The first game of the Eastern Conference Semi-Final was absolutely brilliant, and set another case for the argument that Bruins vs. Habs has usurped Red Sox vs. Yankees as the most compelling rivalry among all sports. Because of their storied history - they've now met 34 times in postseason history - and the fact that they are two of the original NHL franchises, the game would surely have been hailed today as the most compelling of the 2014 Stanley Cup playoffs thus far.
Instead Boston is left once again to defend itself as the world clamors to discuss whether one of America's original beacons of freedom is still one of it's most racist, after an outburst of racist tweets directed at Montreal defenseman P.K. Subban.
Any well-adjusted fan in Boston was not on Twitter last night spouting off the N-word. We all know this. These small people with a sad inability to recognize their own insignificance on the social media landscape are not representatives of the majority. They are what all communities fear; the ignorant yet loud minority.
Unfortunately, Boston has struggled for a long time to emerge from it's checkered relationship with racism in past decades; and these loudmouth attention-seekers are a painful reminder to many who suffered truly horrifying racism at the hands of elitist Bostonians in years past. Sports "fans" everywhere resort to this type of hate verbiage in the aftermath of losses all the time. Yet the sports culture in Boston is one that is more ubiquitous than in any other market, and therefore so also is the concentration of morons that feel they have the right to say anything they want to in reaction.
What the morons don't seem to understand is that it is perfectly okay to hate P.K. Subban. He should be despised by Boston Bruins fans, and invoking ethnic slurs diminishes their ability to do so.
Subban is everything that makes a perfect sports villain for Bostonians. He's a member of a rival team, one the B's have faced many times. He's good. Really good. In just five seasons in the NHL he is 16th all-time for the Canadiens in points by a defenseman, with 167. And he makes just enough of a case for himself as an accomplished "embellish-er" that there is something to nitpick.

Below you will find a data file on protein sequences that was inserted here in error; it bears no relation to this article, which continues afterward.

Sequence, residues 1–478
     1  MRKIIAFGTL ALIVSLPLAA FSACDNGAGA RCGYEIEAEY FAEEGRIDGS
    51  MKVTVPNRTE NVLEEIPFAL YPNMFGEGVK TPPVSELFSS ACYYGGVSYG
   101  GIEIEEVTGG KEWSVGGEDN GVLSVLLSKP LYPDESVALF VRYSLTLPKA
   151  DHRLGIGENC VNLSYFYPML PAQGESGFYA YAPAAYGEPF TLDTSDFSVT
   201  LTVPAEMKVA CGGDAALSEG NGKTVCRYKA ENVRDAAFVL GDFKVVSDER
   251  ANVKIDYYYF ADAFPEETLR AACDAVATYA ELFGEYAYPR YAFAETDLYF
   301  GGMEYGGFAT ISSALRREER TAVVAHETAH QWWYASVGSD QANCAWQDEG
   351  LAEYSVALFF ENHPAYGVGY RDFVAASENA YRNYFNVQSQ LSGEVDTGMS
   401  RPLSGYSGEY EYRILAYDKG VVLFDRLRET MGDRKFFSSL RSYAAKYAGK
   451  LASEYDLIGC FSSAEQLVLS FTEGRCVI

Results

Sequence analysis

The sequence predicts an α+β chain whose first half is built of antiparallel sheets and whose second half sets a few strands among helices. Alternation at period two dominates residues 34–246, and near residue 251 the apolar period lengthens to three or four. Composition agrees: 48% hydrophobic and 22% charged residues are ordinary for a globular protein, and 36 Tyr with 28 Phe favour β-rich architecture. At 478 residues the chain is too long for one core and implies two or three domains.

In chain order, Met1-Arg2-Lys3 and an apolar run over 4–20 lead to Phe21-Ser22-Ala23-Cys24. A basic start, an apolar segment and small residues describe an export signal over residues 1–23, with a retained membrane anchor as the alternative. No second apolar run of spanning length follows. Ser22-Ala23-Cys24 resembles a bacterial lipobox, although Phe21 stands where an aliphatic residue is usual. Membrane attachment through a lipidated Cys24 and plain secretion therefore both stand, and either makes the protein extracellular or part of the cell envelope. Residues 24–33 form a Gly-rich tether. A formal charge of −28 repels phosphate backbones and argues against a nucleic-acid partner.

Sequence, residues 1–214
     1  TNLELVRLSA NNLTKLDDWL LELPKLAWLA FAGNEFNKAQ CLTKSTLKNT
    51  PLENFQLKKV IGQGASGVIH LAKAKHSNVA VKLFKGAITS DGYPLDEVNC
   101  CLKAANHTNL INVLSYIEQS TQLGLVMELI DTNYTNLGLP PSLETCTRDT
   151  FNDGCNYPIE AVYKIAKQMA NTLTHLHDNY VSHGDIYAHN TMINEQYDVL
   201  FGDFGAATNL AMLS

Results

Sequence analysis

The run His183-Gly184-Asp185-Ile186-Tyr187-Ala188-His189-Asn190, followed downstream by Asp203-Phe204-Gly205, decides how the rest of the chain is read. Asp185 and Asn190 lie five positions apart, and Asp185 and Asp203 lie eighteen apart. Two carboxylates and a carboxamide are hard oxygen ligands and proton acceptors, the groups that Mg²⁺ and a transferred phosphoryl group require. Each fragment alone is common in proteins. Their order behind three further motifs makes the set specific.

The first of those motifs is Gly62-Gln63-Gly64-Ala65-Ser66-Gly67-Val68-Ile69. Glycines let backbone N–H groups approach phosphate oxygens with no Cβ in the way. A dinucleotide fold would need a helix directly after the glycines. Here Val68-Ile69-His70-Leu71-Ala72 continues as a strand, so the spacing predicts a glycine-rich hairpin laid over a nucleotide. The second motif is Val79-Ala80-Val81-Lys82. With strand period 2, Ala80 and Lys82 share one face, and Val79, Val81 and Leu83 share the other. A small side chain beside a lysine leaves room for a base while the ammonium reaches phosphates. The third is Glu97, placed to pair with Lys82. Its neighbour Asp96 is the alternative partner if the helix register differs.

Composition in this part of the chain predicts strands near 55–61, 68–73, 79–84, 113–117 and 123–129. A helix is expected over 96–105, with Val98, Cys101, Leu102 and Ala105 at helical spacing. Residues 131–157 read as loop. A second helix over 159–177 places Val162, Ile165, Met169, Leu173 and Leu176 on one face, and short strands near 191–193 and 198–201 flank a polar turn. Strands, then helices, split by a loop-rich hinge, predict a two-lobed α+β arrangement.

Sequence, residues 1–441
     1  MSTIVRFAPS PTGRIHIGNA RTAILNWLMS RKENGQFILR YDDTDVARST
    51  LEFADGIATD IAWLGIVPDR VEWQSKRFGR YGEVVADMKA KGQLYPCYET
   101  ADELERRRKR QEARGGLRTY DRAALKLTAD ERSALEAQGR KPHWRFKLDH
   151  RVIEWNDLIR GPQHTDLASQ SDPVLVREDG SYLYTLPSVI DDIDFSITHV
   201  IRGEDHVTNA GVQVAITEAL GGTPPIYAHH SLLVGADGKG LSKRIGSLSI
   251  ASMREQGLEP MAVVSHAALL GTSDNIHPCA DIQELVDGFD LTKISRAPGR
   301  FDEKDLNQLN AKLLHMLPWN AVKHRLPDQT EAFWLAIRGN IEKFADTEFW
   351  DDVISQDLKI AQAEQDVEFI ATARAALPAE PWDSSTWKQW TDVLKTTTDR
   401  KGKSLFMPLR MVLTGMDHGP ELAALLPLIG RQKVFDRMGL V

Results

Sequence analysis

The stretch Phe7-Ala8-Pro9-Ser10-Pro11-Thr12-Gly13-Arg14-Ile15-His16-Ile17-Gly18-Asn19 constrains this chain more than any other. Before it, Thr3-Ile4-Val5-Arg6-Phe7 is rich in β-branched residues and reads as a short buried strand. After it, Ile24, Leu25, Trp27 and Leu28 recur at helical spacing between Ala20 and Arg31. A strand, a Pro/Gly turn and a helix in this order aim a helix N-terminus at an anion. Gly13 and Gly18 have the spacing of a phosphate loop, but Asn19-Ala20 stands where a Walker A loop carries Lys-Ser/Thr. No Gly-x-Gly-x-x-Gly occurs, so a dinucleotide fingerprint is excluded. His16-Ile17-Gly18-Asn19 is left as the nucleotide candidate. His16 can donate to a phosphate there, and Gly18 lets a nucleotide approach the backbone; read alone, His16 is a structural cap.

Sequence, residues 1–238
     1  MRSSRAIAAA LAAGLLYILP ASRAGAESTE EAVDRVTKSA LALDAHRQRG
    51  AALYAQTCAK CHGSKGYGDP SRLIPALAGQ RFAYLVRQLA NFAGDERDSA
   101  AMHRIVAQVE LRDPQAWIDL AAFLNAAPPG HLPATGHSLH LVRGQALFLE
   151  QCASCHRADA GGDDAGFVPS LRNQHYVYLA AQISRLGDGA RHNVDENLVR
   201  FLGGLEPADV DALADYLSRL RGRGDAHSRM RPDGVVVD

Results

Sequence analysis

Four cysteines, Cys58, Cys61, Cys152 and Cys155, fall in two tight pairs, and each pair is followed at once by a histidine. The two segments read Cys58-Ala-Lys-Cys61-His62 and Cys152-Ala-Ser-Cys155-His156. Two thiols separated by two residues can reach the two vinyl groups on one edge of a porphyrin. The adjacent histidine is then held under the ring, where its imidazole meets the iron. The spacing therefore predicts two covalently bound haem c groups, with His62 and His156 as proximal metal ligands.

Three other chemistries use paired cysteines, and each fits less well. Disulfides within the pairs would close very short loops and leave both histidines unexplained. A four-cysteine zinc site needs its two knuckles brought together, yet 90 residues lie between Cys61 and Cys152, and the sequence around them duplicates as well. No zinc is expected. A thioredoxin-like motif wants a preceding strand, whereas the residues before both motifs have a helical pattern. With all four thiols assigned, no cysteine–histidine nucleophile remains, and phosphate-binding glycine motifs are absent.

Oh, and he scored the impressive goal in Thursday night's epic battle that left the President's Trophy-winning Bruins on the wrong end of a 4-3 loss after they'd outshout the Habs 51-33.
The beautiful thing about sports is that at any point in time you can find an enemy to your team; an adversary on which to project your frustrations in the name of athletics. It's handed to you on a silver platter. You can hate them for the colors they wear, their mascot, the stupid way they hold the ball, their lame attention-grabbing haircut, their gross beards, how often they flop, their loudmouth coach, their gross arena and the unfunny commercials that their superstars are in.
Sports lay out a buffet of irrational reasons to dislike people, and P.K. Subban and the Canadiens certainly gave Bruins fans plenty of things to be pissy about.
Subban's race is not one of them, and it never should be.